This is the first piece I wrote for Time Out Mumbai, occasioned by their 'End of the Line' issue on the last suburbs at the end of the Mumbai Local lines. Panvel, of course is currently the last station on the Harbour Line.
A New Beginning
Mustansir Dalvi tries to makes sense of living in Panvel
A patch of road, about three feet wide, crosses my path to the railway station on the New Panvel side. Elsewhere, the road continues, well tarred regularly before each monsoon. This singularity, however, remains untouched and has been since the Harbour Line made its way into town in 1995. Not just unmaintained: it was never built in the first place. Every subsequent overlay of tar turns this dirty old track into an even deeper crater filled with rocks and plastic detritus. Each morning, as I drive station-wards, I am compelled to make obeisance here with a loud, teeth-rattling thump. Departmental no man’s land between the Central Railway and CIDCO, to me this patch represents Panvel itself.
We found a home in New Panvel in the early ’90s. It was planned by CIDCO, circa 1970, as part of the New Bombay Project. Across the highway is “old” Panvel (of the same vintage as the Big City across the pond). New Panvel – or Naveen Panvel, as it’s now known – falls between several jurisdictional cracks. Part of revenue district Raigad (but not the Raigad Lok Sabha constituency), not under the Navi Mumbai Municipal Corporation nor administered by the Panvel Municipal Council, yet, apparently maintained by CIDCO, our little hub of urbanity is paternally challenged It’s at one end of the Harbour Line. Although Panvel is a terminus for the suburban line, through trains connect it pan-India, from Hazrat Nizamuddin to Thiruvananthapuram. Old and Naveen coexist, like Siamese twins, both conjoint and severed by the railway and the NH4.
New Panvel was a one-horse town when we first bought our home, and remained so until the millennium. I can get nostalgic about leisurely drives down its wide, main avenue perpendicular to the highway, through the town and beyond into pristine wilderness, into the spectacular hillscape at the foothills of Matheran. Every monsoon, we chased the elusive 180 degree rainbow. We got lucky, once. Then, we would return to this well-planned place that, for 30 years, merely existed; a place for investors and absentee landlords, a few service shops and several jewellers’ boutiques that fronted for moneylenders. New educational complexes grew and prospered because land was available, as was easy residential accommodation. “Then came the churches, then came the schools, then came the lawyers, then came the rules; then came the trains and the trucks with their load,” exactly as Dire Straits predicted in their song “Telegraph Road”. New Bombay developed, but this node awoke only after the Harbour Line reached Panvel in 1995.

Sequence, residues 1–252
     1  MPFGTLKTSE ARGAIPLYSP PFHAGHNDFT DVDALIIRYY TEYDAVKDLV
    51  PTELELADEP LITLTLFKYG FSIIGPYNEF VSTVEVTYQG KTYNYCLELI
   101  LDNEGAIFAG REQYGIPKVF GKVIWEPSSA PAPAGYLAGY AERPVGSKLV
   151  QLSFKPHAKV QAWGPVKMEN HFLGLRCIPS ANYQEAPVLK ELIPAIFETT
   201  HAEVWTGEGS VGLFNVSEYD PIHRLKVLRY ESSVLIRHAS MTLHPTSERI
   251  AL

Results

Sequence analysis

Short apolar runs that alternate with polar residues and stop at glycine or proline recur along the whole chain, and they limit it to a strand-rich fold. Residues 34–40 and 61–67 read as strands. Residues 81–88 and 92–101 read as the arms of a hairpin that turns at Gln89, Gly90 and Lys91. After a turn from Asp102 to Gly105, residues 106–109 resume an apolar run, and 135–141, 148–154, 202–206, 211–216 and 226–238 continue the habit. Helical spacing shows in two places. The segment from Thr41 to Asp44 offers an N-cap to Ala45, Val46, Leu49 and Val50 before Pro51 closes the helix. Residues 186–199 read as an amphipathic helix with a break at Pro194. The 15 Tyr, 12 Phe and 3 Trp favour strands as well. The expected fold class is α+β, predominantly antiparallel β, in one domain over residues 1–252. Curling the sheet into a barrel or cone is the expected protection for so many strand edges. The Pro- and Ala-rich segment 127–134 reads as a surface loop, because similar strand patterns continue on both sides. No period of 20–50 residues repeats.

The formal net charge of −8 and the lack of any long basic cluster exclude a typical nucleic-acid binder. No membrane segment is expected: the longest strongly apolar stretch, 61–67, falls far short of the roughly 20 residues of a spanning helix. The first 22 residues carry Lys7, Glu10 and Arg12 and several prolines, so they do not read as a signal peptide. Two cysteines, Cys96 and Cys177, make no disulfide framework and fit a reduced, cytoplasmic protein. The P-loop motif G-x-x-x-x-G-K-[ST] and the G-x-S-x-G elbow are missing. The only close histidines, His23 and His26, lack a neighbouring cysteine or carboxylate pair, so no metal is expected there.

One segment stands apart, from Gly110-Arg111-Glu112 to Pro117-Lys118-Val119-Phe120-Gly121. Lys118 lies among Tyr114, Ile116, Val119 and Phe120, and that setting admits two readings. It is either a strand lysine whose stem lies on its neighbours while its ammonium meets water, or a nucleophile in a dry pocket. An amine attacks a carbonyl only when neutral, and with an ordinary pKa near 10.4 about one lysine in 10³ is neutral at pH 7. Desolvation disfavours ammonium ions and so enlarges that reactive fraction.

In the ’90s and noughties, as we paid up EMIs at 16.5 per cent, Panvel surfed the crests and troughs of real estate vagary and emerged, unlike sisters Vashi and Kharghar, resolutely downmarket. Migration fuelled economy; incoming communities marked their presence with new religious places – a temple to Kali, another to Ayappa, a new mosque, the unusually named CIDCO Vinayak mandir. Forty years on, the wrinkles are visible, what with the administrative ambiguity the city finds itself in. Now, various levels of neglect can mean that load-shedding hits us as if Panvel is a rural backwater; local rickshawallahs scorn metering (for every fuel price hike of one rupee, their base-fare rises by five); garbage collection is sluggish; bins are usually taken apart by stray dogs, who rule the night and run in packs of 20.